If you are arrested for Jacksonville possession of cocaine, Jacksonville possession of marijuana, Jacksonville possession of drug paraphernalia, or another Florida drug charge, you were probably searched by a police officer. When it comes to a Jacksonville possession of cocaine arrest or Jacksonville possession of marijuana arrest, the criminal defendant is often subjected to a search and seizure in Florida. Just like people are required to follow the law in Florida, so are police officers. Florida police officers cannot stop or search a person in violation of the United States and Florida constitution.
In Florida, any evidence that is found as a result of an unlawful search or seizure can be suppressed. When a Jacksonville criminal lawyer investigates drug charges in Florida, she looks for any violations of the Florida constitution. “Did the police officer violate a person’s rights when stopping or searching the person for drugs in Jacksonville, Florida?” Your Jacksonville criminal defense attorney should analyze your Jacksonville possession of marijuana or cocaine case to see whether an unlawful search or seizure has occurred and the police have violated your rights in Florida. If you have been arrested for Jacksonville possession of a controlled substance, cocaine, or marijuana and you were stopped or searched unlawfully, you Jacksonville drug defense lawyer, will likely file a motion to suppress any evidence found, including possessing drugs in Jacksonville.
For instance, the Florida Third District Court of Appeals has ruled that a Florida criminal defendant’s motion to suppress in a Florida possession of cocaine case should have been granted, because the cocaine that she was charged with possessing in Florida was found as a result of unlawful police detention. In Hidelgo v. State, 25 So.3d 95 (Fla. 3d DCA 2009), Hidelgo was the passenger of a vehicle that was stopped due to a Florida traffic violation. According to the Florida police officer that searched the car, Hidelgo and the driver of the car consented to the search of the car. During this search, a Florida police officer patted down Ms. Hidelgo, handcuffed her, and put her in the police car. The Florida police officer did not find any drugs in the vehicle, and Hidelgo and the driver left. Then, a Florida police officer searched the back of the police car in which Ms. Hidelgo was held. He found a plastic bag with cocaine. The officers stopped the vehicle once again and arrested Ms. Hildelgo for Florida possession of cocaine.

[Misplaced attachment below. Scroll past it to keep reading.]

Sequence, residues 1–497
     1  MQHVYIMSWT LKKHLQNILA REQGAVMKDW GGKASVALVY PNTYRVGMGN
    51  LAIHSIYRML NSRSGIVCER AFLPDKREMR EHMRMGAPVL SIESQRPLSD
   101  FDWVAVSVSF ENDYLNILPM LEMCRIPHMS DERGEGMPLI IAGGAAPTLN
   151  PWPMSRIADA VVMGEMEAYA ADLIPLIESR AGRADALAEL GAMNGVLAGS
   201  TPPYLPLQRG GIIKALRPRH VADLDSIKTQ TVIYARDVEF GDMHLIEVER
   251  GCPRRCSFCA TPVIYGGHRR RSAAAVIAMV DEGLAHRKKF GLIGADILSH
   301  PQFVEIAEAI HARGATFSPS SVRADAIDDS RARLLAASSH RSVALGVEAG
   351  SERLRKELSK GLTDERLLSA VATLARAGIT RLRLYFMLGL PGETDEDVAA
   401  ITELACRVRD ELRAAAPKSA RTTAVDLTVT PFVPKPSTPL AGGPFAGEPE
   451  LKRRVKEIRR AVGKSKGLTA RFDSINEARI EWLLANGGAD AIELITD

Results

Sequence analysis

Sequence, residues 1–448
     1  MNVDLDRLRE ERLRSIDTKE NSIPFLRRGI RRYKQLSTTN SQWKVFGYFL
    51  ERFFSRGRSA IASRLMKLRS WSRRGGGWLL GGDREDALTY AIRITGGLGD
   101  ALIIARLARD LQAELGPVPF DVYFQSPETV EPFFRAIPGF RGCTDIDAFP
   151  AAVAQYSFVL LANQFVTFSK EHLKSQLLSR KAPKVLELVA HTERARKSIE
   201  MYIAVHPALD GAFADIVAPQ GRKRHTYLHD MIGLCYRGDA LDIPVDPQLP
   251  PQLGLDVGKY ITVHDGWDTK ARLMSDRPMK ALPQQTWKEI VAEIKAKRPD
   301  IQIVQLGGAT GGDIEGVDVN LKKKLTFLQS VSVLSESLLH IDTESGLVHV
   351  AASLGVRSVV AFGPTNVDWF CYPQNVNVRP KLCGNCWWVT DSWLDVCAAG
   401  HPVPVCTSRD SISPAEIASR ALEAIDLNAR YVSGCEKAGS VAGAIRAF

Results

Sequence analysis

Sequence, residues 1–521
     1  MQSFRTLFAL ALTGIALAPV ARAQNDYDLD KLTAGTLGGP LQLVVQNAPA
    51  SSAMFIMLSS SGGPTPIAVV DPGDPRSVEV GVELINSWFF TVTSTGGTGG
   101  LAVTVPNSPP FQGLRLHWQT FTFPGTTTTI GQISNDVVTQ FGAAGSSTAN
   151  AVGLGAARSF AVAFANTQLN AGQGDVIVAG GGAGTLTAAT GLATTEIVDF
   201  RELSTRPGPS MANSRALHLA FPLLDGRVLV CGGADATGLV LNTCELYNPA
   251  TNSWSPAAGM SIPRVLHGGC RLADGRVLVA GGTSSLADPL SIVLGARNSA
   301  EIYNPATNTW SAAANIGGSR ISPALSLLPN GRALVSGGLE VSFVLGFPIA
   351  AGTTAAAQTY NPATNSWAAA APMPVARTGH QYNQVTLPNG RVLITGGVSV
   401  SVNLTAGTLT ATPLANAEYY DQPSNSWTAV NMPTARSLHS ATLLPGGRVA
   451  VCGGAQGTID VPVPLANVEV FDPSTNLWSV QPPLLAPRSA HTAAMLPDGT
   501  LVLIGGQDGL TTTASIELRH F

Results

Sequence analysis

The Florida appeals court ruled that the original stop and search of the vehicle were legitimate. Although Ms. Hidelgo consented to the search of the vehicle, the State of Florida did not present evidence to establish that she “consented to being handcuffed and place by herself in the back of a police vehicle for a lengthy period of time.” She was treated as if she was under arrest as she was not free to leave.
Under Florida Law, a law enforcement officer may detain an occupant during a valid search of the premises in order to:
- prevent flight in the event that incriminating evidence is found;
- minimize the risk of violence to officers or others; and
- orderly complete a search.
Florida Police must use the least restrictive means when detaining someone while searching a car in Florida. Police cannot routinely handcuff a person during an investigatory stop. The Florida court found that “valid consent to search a vehicle does not authorize law enforcement officers to order the occupants out of the vehicle and place them in handcuffs for a lengthy period of time in the back of the police vehicle.”
If you are arrested for Jacksonville possession of cocaine or any other illegal drug, call a Jacksonville criminal defense lawyer for help with your case. A lawyer in Jacksonville at 20 Miles Law can help you. Call a Jacksonville law office for help at (904) 564-2525.